HCC Approves Tentative 2015 Budget - WIFR

Highland Community College has approved a tentative budget for fiscal year 2015. The plan the Board of Trustees OK'ed will be submitted to the Illinois Community College Board once the trustees adopt it in September. In the budget, operating revenues are about $14.2 million and budgeted expenses are about $14.8 million. The operating fund budget includes a deficit of approximately $510,000. Many changes are expected between the adoption of the tentative budget and the presentation of the permanent budget in September. Final state allocations have not been announced yet for fiscal year 2015. An estimate from the ICCB estimates it will be about $130,000 less than fiscal year 2014.

Saturday, July 26, 2014

Pence orders universities, state agencies to again to pare budgets by 2 - 4.5 percent - Chelsea Schneider, Courier and Press

The University of Southern Indiana and other state universities are facing another round of budget cuts after the state directed the schools hold 2 percent of their state funding in reserve for a second year. During Fiscal Year 2014 that ended June 30, public universities trimmed nearly $34 million from their budgets at the direction of Gov. Mike Pence and state budget officials as a way to help offset tax collections that fell short of expectations. A memo sent in June to university officials directs them to reserve 2 percent of their budget during Fiscal Year 2015. The memo by the State Budget Agency also notes state agencies will have to reserve 4.5 percent of their budgets in 2015 as they did during the last fiscal year.

JWCC passes balanced budget - Quincy Journal

The John Wood Community College Board of Trustees approved a $14,340,600 balanced operating budget during its regular meeting Wednesday, July 16 at the College’s Pittsfield Education Center. The 2015 budget is $600,000 less than the current year and includes a $323,000 reduction in state funding. JWCC projects students to enroll in 41,700 credit hours next year, a decrease of 1,750 from last year’s total of 43,450. The projection is based on a number of factors, including lower unemployment rates and smaller high school graduating classes. The College did exceed summer credit hour projections and is slightly ahead of the projection for fall credit hour production.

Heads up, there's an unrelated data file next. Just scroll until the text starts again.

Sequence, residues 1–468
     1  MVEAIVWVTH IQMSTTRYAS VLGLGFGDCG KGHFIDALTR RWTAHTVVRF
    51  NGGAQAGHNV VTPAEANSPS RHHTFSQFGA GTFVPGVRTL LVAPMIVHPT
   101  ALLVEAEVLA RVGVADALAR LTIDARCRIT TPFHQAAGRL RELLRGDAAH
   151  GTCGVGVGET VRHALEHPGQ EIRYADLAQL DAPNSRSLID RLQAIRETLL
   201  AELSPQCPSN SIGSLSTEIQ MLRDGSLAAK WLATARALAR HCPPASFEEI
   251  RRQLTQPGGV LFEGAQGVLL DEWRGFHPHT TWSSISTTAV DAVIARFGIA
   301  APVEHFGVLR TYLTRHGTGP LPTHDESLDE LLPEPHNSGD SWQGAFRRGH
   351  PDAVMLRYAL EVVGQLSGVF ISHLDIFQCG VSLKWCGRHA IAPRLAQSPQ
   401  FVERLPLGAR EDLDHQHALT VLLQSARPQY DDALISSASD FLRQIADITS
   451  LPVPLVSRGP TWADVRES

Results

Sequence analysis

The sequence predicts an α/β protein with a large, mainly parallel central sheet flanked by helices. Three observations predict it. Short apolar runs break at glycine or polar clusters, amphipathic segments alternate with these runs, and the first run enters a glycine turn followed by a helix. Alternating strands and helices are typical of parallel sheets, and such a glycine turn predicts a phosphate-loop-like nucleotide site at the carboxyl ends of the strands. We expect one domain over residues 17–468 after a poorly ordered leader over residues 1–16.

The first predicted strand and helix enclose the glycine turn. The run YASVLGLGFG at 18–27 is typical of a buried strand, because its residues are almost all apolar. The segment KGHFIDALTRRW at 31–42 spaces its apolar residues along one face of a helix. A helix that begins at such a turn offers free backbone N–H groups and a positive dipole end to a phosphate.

UAF starts laying off people amid budget woes - Seattle Post Intelligencer

A reduction in state funding combined with rising fixed costs will force layoffs at the University of Alaska Fairbanks. The university said about 40 positions will have to be eliminated to help make up for a $12 million budget deficit. Officials hope not filling open positions will take the brunt of the layoffs, but some pink slips are going out.

Friday, July 25, 2014

Higher Education Could Be Tapped for Wash. State Budget - Associated Press

Community college and university officials have been told to plan for more budget cuts to balance the state’s 2015-17 budget. The Office of Financial Management is expecting the state to need at least another $1 billion in revenue to meet its needs for the next biennium. Before Gov. Jay Inslee develops his budget proposal, colleges as well as other state agency have been told to make requests that include up to 15 percent reductions, The Tri-City Herald reported ( ) “We can’t (make cuts) based on efficiencies anymore,” said Marty Brown, executive director for the Washington State Board of Community and Technical Colleges. Asking for more cuts right after the Legislature started increasing college and university budgets is disheartening for higher education leaders.